The Ghetto in Venice was the very first in all of Western Europe. The word ghetto comes from geto which in an old Venetian dialect, meant mortar foundry.
Thus the Campo Ghetto Nuovo really refers to the campo near the new foundry.
The Campo Ghetto Nuovo has several vivid metal plaques memorializing the persecution of the Jews.
Carnival lasts for only about one week, but Carnival Masks seem to be big business. Presumably the all year sale is aimed at tourists, but there has to be a local market too.
Some are frankly only souvenirs.
There is only one Piazza in Venice, and that is the Piazza San Marco. All the other squares are known as Campos.
The piazza itself is huge, dwarfing anything else in the city, and it seems much larger than I remember it in 1958,
One delight was the orchestra at the Café Florian,
There were, of course, many instances of I was there!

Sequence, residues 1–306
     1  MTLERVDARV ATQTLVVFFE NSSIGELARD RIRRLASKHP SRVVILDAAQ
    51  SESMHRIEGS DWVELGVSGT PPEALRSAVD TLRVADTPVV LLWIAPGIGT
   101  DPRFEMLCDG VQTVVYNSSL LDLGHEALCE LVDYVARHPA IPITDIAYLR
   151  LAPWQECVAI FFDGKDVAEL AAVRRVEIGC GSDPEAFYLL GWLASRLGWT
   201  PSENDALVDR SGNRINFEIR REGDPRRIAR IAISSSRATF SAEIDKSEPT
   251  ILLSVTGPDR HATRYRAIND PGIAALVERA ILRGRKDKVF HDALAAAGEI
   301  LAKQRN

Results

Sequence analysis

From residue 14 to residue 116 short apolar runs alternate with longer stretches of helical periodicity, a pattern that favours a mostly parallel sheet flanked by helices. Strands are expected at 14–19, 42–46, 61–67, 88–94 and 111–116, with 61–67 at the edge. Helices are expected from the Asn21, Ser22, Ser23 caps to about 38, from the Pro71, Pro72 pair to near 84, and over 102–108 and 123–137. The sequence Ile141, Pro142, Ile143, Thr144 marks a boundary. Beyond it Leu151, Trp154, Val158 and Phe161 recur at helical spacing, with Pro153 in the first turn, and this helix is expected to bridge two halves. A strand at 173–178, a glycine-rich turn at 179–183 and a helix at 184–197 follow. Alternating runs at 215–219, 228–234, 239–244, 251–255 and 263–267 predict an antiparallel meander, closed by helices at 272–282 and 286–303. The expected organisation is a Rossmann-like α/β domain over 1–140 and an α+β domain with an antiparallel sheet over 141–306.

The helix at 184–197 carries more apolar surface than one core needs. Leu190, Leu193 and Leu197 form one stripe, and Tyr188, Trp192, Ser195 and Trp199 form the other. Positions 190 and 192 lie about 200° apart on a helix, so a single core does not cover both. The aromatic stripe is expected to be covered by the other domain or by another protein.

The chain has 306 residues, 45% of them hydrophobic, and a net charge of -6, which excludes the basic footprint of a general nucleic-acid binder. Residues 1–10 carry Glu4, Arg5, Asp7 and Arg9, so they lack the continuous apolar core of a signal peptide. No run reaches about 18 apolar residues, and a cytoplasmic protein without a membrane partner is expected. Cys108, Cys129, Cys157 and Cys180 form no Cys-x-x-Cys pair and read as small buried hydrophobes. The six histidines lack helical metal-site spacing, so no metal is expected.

The two centre pieces of the piazza are the Basilica San Marco and the Palazzo Ducale or Doge's Palace.
The astronomical clock in the corner is a delight.
The Campos are the smaller squares all over town, They are not all small, and some like the Campo S. Stefano are actually quite large.
Just off the campo is the music conservatory.
The smaller Campos seemed to be largely deserted.
One problem of the I was there! pictures is that it is difficult for two people to take a picture of both of them together. I usually offer to take a picture for them. Since this is not Peru. people trust that you re not going to run off with there camera. Sometimes they insist on reciprocating the favour and take my picture.
There are only three bridges across the Canal Grande. The most famous, and the largest is the Ponte Rialto.